"One quick look at your phone to read a text is simply not worth it," Tomblin said. "Too many people have been hurt, and too many lives have been lost because of a text message."
The law went into effect July 1, giving police the authority to pull over drivers seen texting.
Handheld phone calls are also illegal, but they are currently considered a secondary offense. That means police will have to pull over a driver for some other violation to cite them for that violation.
Beginning July 1 of next year, police also will be able to pull drivers over for making phone calls.
Taylor said he hopes the new law saves parents and students from the pain the school has felt this week.
"No parent should have to bury their child; that's just tragic," he said.
Crouser said texting and driving is a problem among adults as well as teens.
"I'm hoping that not only kids, but parents and adults, too, will learn that texting and driving is not safe and that roads will be safer if they don't do that," he said.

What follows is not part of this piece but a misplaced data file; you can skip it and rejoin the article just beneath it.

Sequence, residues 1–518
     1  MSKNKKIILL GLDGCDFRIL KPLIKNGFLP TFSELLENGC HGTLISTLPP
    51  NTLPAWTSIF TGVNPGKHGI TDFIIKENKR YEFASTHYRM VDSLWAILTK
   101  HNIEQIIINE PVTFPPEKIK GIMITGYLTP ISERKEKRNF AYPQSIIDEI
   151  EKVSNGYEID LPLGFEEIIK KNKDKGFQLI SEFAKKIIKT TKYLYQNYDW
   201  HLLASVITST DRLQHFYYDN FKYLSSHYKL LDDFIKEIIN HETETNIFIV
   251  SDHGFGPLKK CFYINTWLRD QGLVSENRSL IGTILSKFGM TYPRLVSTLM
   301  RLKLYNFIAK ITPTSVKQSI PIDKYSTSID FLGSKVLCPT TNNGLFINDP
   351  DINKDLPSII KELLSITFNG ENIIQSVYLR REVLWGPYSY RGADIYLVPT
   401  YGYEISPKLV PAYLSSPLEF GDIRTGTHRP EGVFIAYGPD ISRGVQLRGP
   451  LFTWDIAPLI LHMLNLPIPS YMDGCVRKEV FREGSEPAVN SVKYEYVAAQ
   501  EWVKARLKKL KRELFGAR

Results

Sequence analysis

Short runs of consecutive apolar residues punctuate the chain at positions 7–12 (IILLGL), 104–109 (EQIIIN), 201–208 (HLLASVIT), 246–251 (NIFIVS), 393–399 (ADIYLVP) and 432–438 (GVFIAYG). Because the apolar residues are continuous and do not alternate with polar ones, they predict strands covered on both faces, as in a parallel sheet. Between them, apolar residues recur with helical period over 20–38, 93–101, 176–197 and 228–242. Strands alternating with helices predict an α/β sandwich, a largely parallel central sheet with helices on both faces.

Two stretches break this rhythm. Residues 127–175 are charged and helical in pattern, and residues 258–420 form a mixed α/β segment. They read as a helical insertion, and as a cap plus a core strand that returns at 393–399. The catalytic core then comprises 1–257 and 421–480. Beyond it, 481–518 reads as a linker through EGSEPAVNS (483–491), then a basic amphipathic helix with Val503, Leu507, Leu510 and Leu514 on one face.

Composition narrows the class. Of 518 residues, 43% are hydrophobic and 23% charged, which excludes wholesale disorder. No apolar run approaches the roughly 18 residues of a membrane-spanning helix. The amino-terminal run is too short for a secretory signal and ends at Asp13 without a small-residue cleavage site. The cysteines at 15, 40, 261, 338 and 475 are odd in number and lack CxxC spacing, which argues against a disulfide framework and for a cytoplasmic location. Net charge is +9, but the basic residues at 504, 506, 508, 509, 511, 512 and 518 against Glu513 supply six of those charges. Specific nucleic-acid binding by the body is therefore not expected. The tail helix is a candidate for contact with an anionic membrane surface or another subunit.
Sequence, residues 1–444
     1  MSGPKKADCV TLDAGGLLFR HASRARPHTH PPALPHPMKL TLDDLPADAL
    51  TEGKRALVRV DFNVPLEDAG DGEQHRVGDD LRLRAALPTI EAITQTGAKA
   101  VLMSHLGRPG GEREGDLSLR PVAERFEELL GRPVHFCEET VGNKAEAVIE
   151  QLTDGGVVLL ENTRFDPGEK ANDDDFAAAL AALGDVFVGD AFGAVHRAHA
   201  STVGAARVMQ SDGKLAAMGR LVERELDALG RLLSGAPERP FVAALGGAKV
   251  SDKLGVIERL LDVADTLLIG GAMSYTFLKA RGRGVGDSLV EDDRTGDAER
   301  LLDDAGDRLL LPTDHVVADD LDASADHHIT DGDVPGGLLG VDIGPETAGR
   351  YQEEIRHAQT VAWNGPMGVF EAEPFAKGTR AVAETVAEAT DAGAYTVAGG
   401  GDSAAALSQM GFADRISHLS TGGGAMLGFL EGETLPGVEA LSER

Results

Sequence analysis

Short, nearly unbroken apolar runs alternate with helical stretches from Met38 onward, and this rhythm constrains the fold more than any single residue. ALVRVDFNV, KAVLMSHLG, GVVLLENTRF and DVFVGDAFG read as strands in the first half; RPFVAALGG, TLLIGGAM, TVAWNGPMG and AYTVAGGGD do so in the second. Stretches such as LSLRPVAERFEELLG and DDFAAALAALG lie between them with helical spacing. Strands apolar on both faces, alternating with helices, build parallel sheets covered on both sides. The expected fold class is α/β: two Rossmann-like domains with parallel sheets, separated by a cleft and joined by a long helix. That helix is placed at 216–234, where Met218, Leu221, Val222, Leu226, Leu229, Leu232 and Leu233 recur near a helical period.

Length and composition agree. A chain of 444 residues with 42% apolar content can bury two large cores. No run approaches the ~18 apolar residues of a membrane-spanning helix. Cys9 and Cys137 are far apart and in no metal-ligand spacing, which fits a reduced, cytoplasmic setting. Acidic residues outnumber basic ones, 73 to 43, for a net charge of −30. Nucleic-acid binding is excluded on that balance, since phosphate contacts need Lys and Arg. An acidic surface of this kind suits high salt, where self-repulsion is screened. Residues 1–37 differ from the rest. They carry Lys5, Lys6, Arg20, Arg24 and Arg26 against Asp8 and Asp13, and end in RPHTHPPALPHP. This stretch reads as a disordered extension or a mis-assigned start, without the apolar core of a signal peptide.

Anyone ticketed for using a phone while driving faces a fine of $50 for a first offense, $100 for a second offense and $200 for third and subsequent offenses.
Drivers can make phone calls or send text messages under the new law, but only if they use hands-free accessories and applications like Bluetooth or Siri.
In addition to encouraging people to sign the safe driver pledge, which is on the governor's website, Tomblin also said the state Department of Transportation would broadcast safety messages along state roadways Wednesday.
Transportation officials programmed the electronic message boards along state highways to read "Drive. Hands-Free. Don't Text and Drive." They were displayed between 8 a.m. and 6 p.m. Wednesday.
Contact writer Jared Hunt at jared.h...@dailymail.com or 304-348-5148.